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Not trying to win a Nobel Prize


The film of the book
James Watson Scientist
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After I wrote The Double Helix, the question came up almost immediately: could you make a movie out of it? And it was finally only done by the BBC in sort of stealth. They never let me know, or Francis, that it was being made. They obtained the assistance of Aaron Klug from Cambridge so they could have a sort of DNA model, and they I forget who did the script. It wasn't very good, I didn't think. I was played by Jeff Goldblum, the American actor, who's played sort of someone who's always orthogonal to everyone else, sort of highly intelligent but sort of morose. And they were inspired for Rosalind Franklin, they chose Juliet Stevenson who did a good job, and for Francis they chose the actor Tim Pigott-Smith, who'd been in Jewel in the Crown as Sergeant Merrick. So when you saw Francis in the movie, you thought of Sergeant Merrick, and he doesn't have a great booming voice. You know, you needed a Peter O'Toole type to do Francis correctly, and so I heard Jeff Goldblum came across as the dominant person and Francis as rather a minor sidekick.

And so... and then they made this story that the, it was just a pursuit of the Nobel Prize, so which made me sort of uncomfortable watching it because they were putting words into our mouths which weren't correct. We were, you know, in pursuit of doing good science. If you did good science, you might get a Nobel Prize but, you know, people don't get Nobel Prizes by trying to get Nobel Prizes, they get them by doing good science. And in my book, you know, at the very end, I mention, oh well, we've seen Peter's father for a Noble Prize. But that's the way the Pauling family talk, so it was just between Peter and I. But we weren't thinking of the Nobel Prize, we were more or less thinking, you know, what can we do to prevent Linus Pauling from getting it first? And Linus really didn't enter into the film. There was a version shown in England, a shorter version in the United States.

I... afterwards I dreamed that the movie should have been made as a parody of Chariots of Fire in which we were instead of racing for God, we were racing against God, but as Francis and I are a major motivation was to show that you have life without a God to direct it, that is, if you got to the essence of genes which we thought was resided in the essence of the molecule DNA, you could begin to understand how life exists. And well, you know, the answer we got was much better and spectacular than we ever imagined. But when I first saw the movie I intensely disliked it, but now when I see it, I don't mind it at all because it's so far back, and I got used to Jeff Goldblum. I'd imagined myself played by John McEnroe. I'd have been much more... a sort of Irish hothead rather than a cerebral Jewish intellectual, and we regarded God right because I want to start the movie, Chariots of Fire starts in a movie and I wanted to start this movie in a church. So tha, is in Westminster Abbey, by telling Francis I was going to take him to show him where we were going to be buried, because Chariots of Fire starts with the... with the death of one of these Olympic runners and so I thought that we should do a church. And, of course, in one sense the only appropriate place for Francis and I, our ashes to reside, is in the floor of Westminster Abbey next to Darwin, because that's sort of we were the next step beyond Darwin.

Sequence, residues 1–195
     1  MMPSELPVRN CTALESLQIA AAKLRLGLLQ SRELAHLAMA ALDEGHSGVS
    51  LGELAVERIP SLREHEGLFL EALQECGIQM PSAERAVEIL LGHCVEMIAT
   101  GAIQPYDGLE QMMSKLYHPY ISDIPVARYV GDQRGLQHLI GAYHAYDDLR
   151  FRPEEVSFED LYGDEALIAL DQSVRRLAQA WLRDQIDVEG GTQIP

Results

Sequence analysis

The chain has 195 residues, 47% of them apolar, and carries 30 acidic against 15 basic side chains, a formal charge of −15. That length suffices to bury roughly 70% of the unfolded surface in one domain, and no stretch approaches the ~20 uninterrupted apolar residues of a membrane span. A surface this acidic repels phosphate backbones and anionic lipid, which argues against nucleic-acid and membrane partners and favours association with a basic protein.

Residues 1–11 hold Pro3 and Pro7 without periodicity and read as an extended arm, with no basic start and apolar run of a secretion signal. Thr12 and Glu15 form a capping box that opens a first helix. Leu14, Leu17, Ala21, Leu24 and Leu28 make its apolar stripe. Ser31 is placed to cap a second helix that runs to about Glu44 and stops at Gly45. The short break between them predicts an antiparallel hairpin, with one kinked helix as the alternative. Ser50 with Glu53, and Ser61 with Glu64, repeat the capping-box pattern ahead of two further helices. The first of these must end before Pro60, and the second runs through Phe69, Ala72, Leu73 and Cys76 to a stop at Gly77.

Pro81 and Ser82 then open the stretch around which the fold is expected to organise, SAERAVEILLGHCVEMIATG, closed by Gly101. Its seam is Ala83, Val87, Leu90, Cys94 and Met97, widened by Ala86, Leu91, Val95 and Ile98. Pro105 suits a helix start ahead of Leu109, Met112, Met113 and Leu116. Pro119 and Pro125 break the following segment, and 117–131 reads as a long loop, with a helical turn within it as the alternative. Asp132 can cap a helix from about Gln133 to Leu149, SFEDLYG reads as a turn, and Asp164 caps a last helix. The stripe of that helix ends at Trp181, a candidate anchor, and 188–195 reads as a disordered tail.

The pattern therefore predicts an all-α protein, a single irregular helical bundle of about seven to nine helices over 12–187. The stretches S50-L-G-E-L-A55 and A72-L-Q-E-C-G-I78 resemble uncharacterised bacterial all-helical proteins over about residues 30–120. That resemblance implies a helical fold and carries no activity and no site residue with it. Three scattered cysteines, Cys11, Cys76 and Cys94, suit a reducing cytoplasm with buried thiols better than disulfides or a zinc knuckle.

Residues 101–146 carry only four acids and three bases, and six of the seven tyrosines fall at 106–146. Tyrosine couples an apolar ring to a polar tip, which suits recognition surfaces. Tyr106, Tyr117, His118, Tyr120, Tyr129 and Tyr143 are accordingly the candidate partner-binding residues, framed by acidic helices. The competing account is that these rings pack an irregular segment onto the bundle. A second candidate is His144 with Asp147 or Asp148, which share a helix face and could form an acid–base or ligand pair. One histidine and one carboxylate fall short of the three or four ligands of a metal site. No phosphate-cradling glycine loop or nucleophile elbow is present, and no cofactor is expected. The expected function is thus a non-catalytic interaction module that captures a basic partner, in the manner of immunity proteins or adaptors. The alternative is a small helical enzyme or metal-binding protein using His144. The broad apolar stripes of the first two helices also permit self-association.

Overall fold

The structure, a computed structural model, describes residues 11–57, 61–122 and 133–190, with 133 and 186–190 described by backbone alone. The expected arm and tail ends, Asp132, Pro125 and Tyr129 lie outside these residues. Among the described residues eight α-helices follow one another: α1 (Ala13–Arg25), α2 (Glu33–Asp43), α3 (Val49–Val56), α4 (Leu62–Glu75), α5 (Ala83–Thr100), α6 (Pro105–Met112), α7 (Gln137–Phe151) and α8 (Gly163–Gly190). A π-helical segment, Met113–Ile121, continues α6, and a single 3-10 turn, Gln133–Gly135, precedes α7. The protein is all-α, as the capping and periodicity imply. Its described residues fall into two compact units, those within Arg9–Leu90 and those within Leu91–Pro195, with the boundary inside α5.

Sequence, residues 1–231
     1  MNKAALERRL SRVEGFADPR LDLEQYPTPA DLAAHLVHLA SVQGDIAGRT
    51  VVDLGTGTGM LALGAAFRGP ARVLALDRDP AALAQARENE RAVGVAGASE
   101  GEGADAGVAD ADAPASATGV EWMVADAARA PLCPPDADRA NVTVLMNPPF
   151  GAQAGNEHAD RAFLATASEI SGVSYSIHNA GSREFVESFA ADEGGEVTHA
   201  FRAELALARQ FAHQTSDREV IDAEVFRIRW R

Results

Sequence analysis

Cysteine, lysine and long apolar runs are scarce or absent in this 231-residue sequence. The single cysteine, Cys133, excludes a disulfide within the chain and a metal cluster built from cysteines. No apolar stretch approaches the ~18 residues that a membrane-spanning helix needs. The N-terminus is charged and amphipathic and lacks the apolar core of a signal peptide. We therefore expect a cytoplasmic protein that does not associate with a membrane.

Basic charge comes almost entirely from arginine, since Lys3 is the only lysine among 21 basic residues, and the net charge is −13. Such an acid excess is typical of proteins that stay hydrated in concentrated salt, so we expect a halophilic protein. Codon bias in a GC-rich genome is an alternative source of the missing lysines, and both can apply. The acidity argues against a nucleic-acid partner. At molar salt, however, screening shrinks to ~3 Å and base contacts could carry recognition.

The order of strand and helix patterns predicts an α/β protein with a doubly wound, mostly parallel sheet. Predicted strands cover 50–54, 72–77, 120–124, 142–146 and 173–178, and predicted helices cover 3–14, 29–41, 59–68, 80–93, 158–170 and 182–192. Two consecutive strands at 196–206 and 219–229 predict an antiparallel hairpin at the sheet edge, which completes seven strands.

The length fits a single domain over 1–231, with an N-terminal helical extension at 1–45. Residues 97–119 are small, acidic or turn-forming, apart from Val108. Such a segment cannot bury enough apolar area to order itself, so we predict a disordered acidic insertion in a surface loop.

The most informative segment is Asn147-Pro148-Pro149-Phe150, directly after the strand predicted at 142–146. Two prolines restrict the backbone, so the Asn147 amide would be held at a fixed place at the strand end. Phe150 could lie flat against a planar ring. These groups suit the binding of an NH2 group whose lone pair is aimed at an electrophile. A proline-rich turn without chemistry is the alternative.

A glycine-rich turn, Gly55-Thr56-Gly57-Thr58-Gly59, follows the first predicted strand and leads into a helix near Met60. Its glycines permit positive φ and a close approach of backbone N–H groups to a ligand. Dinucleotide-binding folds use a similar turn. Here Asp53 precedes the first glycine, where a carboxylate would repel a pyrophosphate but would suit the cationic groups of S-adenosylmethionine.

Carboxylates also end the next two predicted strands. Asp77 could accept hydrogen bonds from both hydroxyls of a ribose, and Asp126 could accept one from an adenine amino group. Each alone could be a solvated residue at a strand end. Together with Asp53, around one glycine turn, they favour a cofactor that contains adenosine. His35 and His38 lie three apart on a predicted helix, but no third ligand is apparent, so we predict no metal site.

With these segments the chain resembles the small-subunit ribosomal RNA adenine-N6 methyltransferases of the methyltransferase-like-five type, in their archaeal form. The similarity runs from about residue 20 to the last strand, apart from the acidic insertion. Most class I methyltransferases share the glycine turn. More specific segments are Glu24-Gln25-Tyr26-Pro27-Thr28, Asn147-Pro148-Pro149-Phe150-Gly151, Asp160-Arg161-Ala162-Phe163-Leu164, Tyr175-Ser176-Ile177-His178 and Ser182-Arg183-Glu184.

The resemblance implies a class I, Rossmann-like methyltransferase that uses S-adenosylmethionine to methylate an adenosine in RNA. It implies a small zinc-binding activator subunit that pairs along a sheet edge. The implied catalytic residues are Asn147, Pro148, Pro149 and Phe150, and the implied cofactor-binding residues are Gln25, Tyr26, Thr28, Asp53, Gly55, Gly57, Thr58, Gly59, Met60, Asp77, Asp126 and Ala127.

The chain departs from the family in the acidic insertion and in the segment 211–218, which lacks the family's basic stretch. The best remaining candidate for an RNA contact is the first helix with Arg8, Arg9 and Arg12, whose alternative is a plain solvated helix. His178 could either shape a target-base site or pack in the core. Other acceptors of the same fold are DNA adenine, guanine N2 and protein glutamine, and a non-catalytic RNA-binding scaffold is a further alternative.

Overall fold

American molecular biologist James Dewey Watson is probably best known for discovering the structure of DNA for which he was jointly awarded the 1962 Nobel Prize in Physiology or Medicine along with Francis Crick and Maurice Wilkins. His long career has seen him teaching at Harvard and Caltech, and taking over the directorship of Cold Spring Harbor Laboratory in New York. From 1988 to 1992, James Watson was head of the Human Genome Project at the National Institutes of Health. His current research focuses on the study of cancer.

Listeners: Martin Raff Walter Gratzer

Martin Raff is a Canadian-born neurologist and research biologist who has made important contributions to immunology and cell development. He has a special interest in apoptosis, the phenomenon of cell death.



Listen to Martin Raff at Web of Stories



Walter Gratzer is Emeritus Professor of Biophysical Chemistry at King's College London, and was for most of his research career a member of the scientific staff of the Medical Research Council. He is the author of several books on popular science. He was a Postdoctoral Fellow at Harvard and has known Jim Watson since that time

Tags: Chariots of Fire, The Double Helix, Jewel in the Crown, Westminster Abbey, Aaron Klug, Jeff Goldblum, Rosalind Franklin, Juliet Stevenson, Tim Pigott-Smith, Linus Pauling, Charles Darwin

Duration: 5 minutes, 20 seconds

Date story recorded: November 2008 and October 2009

Date story went live: 18 June 2010